New report: State’s public colleges and universities generate jobs, economic growth

Kennesaw State University and Georgia’s other public campuses are economic engines for their areas and the state.

Georgia has a better higher education system than might be expected when you look at related factors, including the level of support and interference from politicians.

The Legislature often treats the University System of Georgia as an unruly and spoiled child who needs correction. College presidents spend a lot of time bowing and scraping to lawmakers over often silly issues.

When I was at the Education Writers Association conference in June, Georgia’s higher ed system came up several times in presentations, always in a positive light.

My plea to the Legislature: Don’t ruin this. Here is more reason to preserve and promote the state’s public institutions of higher learning. This is from the University System:

The University System of Georgia’s economic impact on the state was $16.8 billion in Fiscal Year 2016 according to the most recent study conducted by the Selig Center for Economic Growth in the University of Georgia’s Terry College of Business.

The University System’s economic impact grew $1.3 billion, an increase of 8 percent, from fiscal year 2015 to 2016. The increase is attributed to “spending by the institution and spending by the students who attend that particular college or university.” On average, for every dollar spent by the university, an additional 52 cents is generated for that institution’s region.

“The University System is committed to its role in supporting and advancing the economic growth of the State of Georgia,” said Chancellor Steve Wrigley. “These numbers reflect the hard work and support of Georgians across the state, and we hope to continue to drive innovation, workforce development and job creation for years to come.”

The economic impact of the USG is a measure of direct and indirect spending that contributes to the regions served by the System’s colleges and universities.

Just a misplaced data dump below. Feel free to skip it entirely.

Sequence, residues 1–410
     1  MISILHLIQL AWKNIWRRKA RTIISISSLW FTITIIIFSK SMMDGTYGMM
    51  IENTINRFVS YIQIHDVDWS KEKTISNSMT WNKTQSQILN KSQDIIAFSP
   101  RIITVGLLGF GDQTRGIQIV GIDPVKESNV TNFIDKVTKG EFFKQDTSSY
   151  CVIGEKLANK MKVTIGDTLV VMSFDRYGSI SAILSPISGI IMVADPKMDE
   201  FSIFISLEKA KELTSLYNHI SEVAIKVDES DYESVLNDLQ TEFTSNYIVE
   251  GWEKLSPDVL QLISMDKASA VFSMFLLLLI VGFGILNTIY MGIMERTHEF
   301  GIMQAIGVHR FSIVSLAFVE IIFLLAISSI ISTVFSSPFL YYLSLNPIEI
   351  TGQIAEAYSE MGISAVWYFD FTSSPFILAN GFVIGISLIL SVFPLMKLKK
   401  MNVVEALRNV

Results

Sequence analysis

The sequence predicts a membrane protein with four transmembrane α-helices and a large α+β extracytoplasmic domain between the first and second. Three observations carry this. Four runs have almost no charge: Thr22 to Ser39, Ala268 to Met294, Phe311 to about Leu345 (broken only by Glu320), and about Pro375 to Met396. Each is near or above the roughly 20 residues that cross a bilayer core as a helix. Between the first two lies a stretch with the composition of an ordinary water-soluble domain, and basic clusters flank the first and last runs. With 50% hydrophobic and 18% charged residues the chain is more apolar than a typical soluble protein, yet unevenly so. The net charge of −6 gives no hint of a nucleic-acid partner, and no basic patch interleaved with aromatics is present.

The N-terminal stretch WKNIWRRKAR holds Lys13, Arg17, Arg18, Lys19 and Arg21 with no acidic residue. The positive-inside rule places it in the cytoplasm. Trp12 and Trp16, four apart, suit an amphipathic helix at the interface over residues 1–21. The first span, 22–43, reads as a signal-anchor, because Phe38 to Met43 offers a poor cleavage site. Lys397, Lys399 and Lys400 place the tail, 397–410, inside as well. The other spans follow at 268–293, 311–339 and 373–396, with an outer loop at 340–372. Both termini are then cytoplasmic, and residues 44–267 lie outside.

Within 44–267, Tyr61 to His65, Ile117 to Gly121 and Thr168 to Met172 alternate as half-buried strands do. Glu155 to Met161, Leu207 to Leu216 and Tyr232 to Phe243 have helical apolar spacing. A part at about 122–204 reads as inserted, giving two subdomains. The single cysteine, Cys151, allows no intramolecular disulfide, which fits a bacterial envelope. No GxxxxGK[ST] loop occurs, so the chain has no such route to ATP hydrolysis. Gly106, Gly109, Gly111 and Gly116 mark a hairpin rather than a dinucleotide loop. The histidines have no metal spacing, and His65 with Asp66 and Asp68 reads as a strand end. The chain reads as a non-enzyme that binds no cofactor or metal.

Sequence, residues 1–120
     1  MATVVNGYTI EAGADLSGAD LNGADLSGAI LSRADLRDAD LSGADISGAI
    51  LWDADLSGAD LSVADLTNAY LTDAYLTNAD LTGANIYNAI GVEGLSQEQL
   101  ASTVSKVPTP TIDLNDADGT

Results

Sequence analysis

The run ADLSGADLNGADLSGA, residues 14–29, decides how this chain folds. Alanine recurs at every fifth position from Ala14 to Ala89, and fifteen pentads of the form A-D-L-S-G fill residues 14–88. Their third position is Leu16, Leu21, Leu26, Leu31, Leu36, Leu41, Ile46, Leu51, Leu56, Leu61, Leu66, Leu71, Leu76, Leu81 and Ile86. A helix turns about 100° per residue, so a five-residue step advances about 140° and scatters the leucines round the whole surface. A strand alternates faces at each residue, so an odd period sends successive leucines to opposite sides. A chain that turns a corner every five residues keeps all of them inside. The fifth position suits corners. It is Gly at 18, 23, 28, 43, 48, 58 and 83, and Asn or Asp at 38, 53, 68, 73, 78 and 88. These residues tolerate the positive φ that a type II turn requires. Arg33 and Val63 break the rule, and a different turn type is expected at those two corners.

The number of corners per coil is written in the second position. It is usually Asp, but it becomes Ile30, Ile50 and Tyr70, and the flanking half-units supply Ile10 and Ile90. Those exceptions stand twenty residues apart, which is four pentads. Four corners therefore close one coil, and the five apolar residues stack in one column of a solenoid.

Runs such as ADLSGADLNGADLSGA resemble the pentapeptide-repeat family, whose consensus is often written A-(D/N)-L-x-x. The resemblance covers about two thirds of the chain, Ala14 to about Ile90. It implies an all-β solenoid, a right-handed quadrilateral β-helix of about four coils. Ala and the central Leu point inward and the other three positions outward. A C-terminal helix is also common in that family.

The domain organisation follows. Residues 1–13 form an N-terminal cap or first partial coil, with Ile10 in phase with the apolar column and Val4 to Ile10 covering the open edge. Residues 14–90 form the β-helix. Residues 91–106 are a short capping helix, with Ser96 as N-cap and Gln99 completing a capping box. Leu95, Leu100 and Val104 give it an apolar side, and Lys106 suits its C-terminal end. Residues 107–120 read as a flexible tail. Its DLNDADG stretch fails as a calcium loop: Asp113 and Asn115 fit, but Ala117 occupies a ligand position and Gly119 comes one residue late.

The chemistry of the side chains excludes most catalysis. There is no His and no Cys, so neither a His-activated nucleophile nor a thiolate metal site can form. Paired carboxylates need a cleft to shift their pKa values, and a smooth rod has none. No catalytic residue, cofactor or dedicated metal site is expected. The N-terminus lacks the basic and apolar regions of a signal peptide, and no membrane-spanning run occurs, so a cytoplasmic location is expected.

Most of the $16.8 billion economic impact consists of initial spending by USG institutions for salaries and fringe benefits, operating expenses and other budgeted expenditures, as well as spending by the students who attended the institutions. Initial spending by USG institutions and students equaled approximately $11 billion, or almost 66 percent of the total economic impact. The remaining $5.8 billion (34 percent) of the economic impact was created by respending, which is the multiplier effect of the dollars that are spent again in the region.

The FY16 study found that the University System generated nearly 157,967 full- and part-time jobs – 3.6 percent of all jobs in Georgia. Approximately 32 percent of these positions are on campus as USG employees and 68 percent are off-campus positions in either the private or public sectors.

To calculate the economic impact for FY16, the Selig Center for Economic Growth in the University of Georgia’s Terry College of Business analyzed data collected between July 1, 2015, and June 30, 2016. The annual study is conducted on behalf of the Board of Regents by Jeffrey M. Humphreys, Ph.D., director of the Selig Center.

The full study with data for all USG institutions is available here

Reader Comments 0


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Tired, old recitation of conservative dogma not withstanding, it would really be interesting to see the private sector try and function without state supported educational institutions that play such a big part in developing good workers.  Also, it is ridiculous to think that private companies do not also take taxpayer money.  The question really is can any private company claim the kind of bang for the public buck that the USG can?


So, 25000 employees and about 30000 students descend on a medium size town such as Athens Ga.  Of course it is going to have a financial impact.  

What this study fails to mention is that while Mom and Dad are forking over money for tuition, books and room & board, other expenditures get placed on the back burner.


Virtually any large investment generates jobs and economic growth. Reducing taxes so families have more of their income to spend or invest likewise generates jobs and economic growth.

And private sector jobs are far better for the future economy. We can't all make our living off the taxpayers.